Friday, June 26, 2009

State Of The Jewish People? Yes and No.

The demand that Palestinians recognize Israel as "the state of the Jewish people" has at least three layers to it: The first is symbolic, without practical significance, and understandable. The second is partly symbolic, is meant to have future practical significance, and is contentious (though resolvable). The third, however, is legal, has great practical significance, and is, for any Palestinian (or democrat, for that matter) unacceptable. It is time to stop working through symbols and start saying what we mean.

1. Israel is obviously the state of the Jewish people in the sense that vanguard Jewish groups in Eastern Europe dreamed a Hebrew revolution, which launched the Zionist colonial project, which engendered a Jewish national home in Mandate Palestine, which earned international backing to organize a state after the Holocaust--a state that became a place of refuge for Jews from Europe and Arab countries--that is, a state with a large Jewish majority whose binding tie (to bring things back to Zionism's DNA) is the spoken Hebrew language.

When Palestinians say they recognize "Israel," they are implicitly recognizing this reality; they are acknowledging, to paraphrase Irving Howe, the name of our desire. At the most visceral level, when Israelis insist Israel be recognized as Jewish, they mean they want this narrative recognized, the same way they implicitly acknowledge the peculiar formative sufferings of Palestinians at the hands of Zionism when they say "Palestinians" and mean "not Jordanians or southern Syrians." When Palestinian spokespeople speak to Israeli reporters in Hebrew, they are recognizing Israel in the most poignant possible way.

2. Why is this not enough? Because, claims Netanyahu (like Olmert and Livni before him), in any negotiation with the Palestinians it must be understood in advance that there can be no "right of return" for Palestinians to Israel--that accepting this formulation, "the state of the Jewish people," really means precluding a flood of Palestinian refugees into Israel's borders and onto its electoral roles.

But the claim is false and puts a stumbling block where a pathway needs to be cleared. You can obviously find a formulation for the refugees which does not ruin Israel's Hebrew character; one that preserves "the right of return" as a seminal piece of the Palestinians' narrative, the name of their desire. You can say the refugees have a right of return to their homes but that the forms of compensation, the number, etc., must be agreeable to Israel, and that, in any case, the vast majority will exercise that right by returning to the Palestinian state. The contradiction between "the recognition of Israel" and "the right of return" may sound impossible to resolve. In fact, it has already been resolved at Taba in January 2001. Why resort to distracting principles when a little tact will do?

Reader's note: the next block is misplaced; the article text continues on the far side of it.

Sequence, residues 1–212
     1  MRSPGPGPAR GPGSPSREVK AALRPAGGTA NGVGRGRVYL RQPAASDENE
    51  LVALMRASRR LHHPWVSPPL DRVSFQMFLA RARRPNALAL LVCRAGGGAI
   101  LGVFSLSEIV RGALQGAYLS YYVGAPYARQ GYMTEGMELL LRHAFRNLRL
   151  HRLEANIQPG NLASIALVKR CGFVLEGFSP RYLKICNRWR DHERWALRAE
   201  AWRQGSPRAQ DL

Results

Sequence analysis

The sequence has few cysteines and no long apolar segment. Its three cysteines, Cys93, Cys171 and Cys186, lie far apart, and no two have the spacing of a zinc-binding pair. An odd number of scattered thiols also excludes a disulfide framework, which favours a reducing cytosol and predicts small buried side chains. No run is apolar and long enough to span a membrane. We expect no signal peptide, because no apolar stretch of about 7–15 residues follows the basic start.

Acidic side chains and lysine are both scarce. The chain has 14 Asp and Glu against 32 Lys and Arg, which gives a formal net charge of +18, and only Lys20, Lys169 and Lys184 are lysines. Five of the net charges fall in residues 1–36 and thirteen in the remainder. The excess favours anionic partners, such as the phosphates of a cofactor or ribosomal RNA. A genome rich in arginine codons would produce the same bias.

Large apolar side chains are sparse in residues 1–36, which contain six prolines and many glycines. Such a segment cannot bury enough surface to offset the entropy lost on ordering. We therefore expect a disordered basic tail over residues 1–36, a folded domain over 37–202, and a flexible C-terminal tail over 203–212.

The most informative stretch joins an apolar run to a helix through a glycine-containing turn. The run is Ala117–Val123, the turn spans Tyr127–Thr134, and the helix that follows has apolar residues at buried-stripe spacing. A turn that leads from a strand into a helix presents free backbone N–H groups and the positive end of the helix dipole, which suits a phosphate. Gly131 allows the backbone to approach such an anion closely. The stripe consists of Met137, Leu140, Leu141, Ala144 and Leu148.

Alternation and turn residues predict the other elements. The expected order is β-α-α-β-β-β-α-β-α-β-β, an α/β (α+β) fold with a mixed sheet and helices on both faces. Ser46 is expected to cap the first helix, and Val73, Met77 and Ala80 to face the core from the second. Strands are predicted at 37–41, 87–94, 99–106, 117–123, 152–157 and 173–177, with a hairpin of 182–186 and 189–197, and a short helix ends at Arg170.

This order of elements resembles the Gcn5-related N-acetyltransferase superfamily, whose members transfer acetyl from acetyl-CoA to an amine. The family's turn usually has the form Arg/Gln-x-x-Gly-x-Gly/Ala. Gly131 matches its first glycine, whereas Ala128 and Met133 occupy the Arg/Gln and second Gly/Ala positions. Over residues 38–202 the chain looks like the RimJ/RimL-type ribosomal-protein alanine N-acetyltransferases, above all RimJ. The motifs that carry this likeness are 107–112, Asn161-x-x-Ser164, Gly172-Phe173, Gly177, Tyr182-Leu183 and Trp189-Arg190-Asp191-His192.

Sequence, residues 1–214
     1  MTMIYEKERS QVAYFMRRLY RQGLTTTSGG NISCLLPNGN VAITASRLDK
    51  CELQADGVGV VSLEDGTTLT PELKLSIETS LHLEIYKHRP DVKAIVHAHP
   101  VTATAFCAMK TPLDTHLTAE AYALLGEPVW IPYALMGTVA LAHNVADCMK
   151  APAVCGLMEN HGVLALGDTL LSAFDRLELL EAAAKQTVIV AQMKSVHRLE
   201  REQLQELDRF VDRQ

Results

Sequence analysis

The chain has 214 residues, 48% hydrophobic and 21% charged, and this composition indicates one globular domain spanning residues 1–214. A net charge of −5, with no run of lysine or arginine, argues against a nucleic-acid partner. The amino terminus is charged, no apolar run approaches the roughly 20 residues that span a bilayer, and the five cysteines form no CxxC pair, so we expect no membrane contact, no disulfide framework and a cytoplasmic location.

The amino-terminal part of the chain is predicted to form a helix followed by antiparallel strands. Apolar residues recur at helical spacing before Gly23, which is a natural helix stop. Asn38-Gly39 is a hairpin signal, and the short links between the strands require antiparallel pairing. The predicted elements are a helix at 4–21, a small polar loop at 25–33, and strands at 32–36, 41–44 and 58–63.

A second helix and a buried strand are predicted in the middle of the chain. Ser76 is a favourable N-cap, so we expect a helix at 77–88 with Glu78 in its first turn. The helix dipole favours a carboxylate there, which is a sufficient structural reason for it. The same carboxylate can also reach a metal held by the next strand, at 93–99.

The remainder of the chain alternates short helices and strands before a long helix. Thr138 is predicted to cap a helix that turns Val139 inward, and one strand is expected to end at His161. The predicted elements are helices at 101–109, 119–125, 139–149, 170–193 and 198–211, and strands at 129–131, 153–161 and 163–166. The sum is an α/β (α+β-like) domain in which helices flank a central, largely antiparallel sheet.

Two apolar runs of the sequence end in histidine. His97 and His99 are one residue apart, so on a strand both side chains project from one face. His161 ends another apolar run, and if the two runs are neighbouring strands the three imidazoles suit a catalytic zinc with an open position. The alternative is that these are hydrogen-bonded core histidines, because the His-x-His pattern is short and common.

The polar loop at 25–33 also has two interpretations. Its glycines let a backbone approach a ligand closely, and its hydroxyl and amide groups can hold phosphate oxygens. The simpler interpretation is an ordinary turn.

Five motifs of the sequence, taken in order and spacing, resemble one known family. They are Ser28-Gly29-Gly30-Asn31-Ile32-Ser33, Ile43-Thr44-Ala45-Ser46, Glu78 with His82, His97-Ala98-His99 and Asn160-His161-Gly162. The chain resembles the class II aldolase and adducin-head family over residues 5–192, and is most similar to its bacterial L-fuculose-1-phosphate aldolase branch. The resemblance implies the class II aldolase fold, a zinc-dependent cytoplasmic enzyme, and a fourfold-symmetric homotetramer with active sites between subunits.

3. Unfortunately, however, Netanyahu cannot, or will not, simply leave things there. For the phrase, "state of the Jewish people," also has legal ramifications dear to the heart of Israeli rightists (including old Labor Zionists in love with the saga of the settler state); ramifications that derive from the historical application (some would say misapplication) of Zionist ideas over two generations and which seriously impinge on democratic standards. It is one thing to think of Israel as a democratic republic whose citizens speak a dominant language inflected by Jewish nuances--you know, poetic allusions to classical Jewish texts and liturgy and the like. It is quite another to think of Israel as state that represents, or embodies privileges in law for, certified members of a world Jewish people:

I mean (as I've said often before) a state that allocates land almost exclusively to certified Jews, empowers the Jewish Agency to advance the material well-being of certified Jews, appoints rabbis to marry certified Jews only to one another, creates immigration laws to bestow citizenship on certified Jews, founds an educational system to produce certified Jews, assumes a sacred capital to be a kind of theme park for the world's certified Jews--indeed, a state that presumes to certify Jews in the first place. Such a state must be anathema to Palestinian leaders, who cannot but notice that a fifth (soon, a quarter) of Israeli citizens are Palestinian in origin: they can recognize Israel but cannot possibly accept this Jewish state. But then, neither can Israeli Jews with ordinary democratic instincts. I, for one, do not.

By the way, if you want a poster-child for this creepy, growing Israel within Israel, you could do worse than Natan Sharansky, who has just been "elected" president of the Jewish Agency; a man who preaches Jeffersonian democracy to the world, but whose conception of democracy in Israel is, shall we say, squishy Rousseauian; a General Will interpreted by, well, generals.

"We're in a world where Jews are losing their identity," Sharansky says, "Israel and world Jewry are like receding galaxies, floating apart at a time when contact is easier than ever...Abroad there is the problem of assimilation, but in Israel, too, young Jews are growing away from their roots...The Jewish Agency is [a] meeting place, the ideal tool for developing that connection."

The disease that presumes itself the cure.

8 comments: